The heart is capable of sacrifice. So is the vagina. The heart is able to forgive and repair. It can change its shape to let us in. It can expand to let us out. So can the vagina.
Eve Ensler, The Vagina Monologues
I have no idea how the three lovely directors of The Vagina Monologues, Geneva, made their casting decisions. They knew some of the “actresses” before the auditions took place, but the rest of us were cast on the strength of a quick read-through and a few minutes of chat. And yet somehow everyone seemed to be assigned exactly the right roles, given their backgrounds, accents, strengths, insights and experiences.
Take me, for example. I was given the monologue entitled I Was There in the Room, which was based on Eve Ensler’s experience of having been present at the birth of her grand-daughter. Now while I might have been cast in this role because I’m about 15-20 years older than the rest of the cast (seriously, how is that even possible?!), I wonder if the directors also somehow intuited that I would connect emotionally with the topic. They had no idea, of course, that I’d had years of fertility treatment, or that I’m the only one out of the six “kids” in my family that doesn’t have kids of his/her own. But those things made this particular monologue incredibly poignant for me, and for weeks I couldn’t rehearse it without weeping.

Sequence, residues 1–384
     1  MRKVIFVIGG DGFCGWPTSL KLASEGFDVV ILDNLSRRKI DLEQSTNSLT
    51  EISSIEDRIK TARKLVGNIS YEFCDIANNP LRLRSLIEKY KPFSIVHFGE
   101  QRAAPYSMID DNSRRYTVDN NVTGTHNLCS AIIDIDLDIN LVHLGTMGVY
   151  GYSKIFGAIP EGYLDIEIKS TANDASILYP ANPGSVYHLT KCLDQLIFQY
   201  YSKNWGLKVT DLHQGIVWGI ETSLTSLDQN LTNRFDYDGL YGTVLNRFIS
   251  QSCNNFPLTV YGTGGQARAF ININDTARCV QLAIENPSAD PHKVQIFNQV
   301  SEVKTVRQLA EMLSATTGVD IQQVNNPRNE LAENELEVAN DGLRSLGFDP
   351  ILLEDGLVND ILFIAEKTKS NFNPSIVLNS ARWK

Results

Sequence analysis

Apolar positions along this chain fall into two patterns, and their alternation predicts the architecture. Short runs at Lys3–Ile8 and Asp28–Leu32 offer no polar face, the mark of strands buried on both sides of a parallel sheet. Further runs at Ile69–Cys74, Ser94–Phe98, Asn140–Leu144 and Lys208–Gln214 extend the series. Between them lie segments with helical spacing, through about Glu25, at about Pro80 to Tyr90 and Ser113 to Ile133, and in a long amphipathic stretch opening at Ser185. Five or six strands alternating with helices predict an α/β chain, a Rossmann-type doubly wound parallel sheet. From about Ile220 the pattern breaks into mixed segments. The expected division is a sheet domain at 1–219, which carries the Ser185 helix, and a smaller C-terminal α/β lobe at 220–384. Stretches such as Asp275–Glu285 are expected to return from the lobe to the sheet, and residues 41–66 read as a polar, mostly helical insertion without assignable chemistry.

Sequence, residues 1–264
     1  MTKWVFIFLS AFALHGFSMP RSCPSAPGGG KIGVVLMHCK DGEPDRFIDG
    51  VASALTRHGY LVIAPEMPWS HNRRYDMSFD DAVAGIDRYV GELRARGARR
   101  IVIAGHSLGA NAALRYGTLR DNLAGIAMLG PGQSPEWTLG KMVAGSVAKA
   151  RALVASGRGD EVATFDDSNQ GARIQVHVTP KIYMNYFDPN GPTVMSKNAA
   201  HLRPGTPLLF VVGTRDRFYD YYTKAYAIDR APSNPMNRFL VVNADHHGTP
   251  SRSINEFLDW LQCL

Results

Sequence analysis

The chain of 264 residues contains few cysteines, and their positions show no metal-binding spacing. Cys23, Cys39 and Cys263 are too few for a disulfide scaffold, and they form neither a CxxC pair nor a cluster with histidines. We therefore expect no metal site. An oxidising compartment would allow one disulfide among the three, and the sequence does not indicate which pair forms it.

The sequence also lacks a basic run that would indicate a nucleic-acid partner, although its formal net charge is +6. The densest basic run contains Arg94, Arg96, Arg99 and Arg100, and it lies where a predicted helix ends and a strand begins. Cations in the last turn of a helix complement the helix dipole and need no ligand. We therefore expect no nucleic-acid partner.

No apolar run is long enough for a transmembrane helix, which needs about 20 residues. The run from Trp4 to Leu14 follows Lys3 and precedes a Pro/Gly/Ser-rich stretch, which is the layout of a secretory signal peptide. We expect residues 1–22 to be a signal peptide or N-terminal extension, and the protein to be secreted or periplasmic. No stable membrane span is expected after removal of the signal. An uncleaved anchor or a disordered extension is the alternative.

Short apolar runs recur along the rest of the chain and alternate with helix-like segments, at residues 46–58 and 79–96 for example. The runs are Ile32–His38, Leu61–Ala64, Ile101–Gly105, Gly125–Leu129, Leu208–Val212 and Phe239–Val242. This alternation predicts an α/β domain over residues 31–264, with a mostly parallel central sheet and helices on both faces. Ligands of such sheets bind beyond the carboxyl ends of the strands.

During a rehearsal I told one of the directors about my tears, though not about the reasons for them, and she said that she was determined to see me cry on stage at least once… Surely it could only add to the performance! I, of course, was quite determined to hold it together. Apart from anything else, I’m constitutionally incapable of crying and speaking at the same time!
Then on the opening night of the show, not long before we were to go on stage, the lovely warrior woman who introduced my monologue told me that she’d just found out the day before that she was pregnant. It all seemed so fitting! So right! That, along with all the other stuff, was on my mind when I took to the stage. I made it nearly all the way to the end. Then I had to say my last two lines: “I was there in the room. I remember.” My voice broke and I cried. I was told later that many audience members and some of my fellow Vagina Warriors cried along with me.
And the first words that the lovely director said to me when we came off stage? “Mission accomplished!”
So this post is dedicated to all women who have given birth, to all those who some day will and to all those who would have liked to but couldn’t. You’re amazing.